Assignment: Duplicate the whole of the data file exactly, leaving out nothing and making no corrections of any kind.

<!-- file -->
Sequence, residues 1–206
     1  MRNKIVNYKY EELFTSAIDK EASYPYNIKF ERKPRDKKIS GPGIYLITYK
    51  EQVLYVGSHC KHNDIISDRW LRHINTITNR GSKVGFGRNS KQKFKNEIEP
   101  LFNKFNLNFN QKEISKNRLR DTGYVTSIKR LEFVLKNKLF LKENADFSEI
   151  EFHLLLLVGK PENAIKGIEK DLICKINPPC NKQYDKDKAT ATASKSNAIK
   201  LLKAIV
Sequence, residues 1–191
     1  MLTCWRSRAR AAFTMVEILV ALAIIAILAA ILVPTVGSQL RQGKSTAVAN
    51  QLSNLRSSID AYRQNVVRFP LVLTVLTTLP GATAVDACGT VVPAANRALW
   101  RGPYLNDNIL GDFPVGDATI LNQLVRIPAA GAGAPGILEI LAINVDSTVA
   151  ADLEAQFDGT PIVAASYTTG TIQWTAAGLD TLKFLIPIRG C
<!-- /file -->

Sequence, residues 1–206
     1  MRNKIVNYKY EELFTSAIDK EASYPYNIKF ERKPRDKKIS GPGIYLITYK
    51  EQVLYVGSHC KHNDIISDRW LRHINTITNR GSKVGFGRNS KQKFKNEIEP
   101  LFNKFNLNFN QKEISKNRLR DTGYVTSIKR LEFVLKNKLF LKENADFSEI
   151  EFHLLLLVGK PENAIKGIEK DLICKINPPC NKQYDKDKAT ATASKSNAIK
   201  LLKAIV
Sequence, residues 1–191
     1  MLTCWRSRAR AAFTMVEILV ALAIIAILAA ILVPTVGSQL RQGKSTAVAN
    51  QLSNLRSSID AYRQNVVRFP LVLTVLTTLP GATAVDACGT VVPAANRALW
   101  RGPYLNDNIL GDFPVGDATI LNQLVRIPAA GAGAPGILEI LAINVDSTVA
   151  ADLEAQFDGT PIVAASYTTG TIQWTAAGLD TLKFLIPIRG C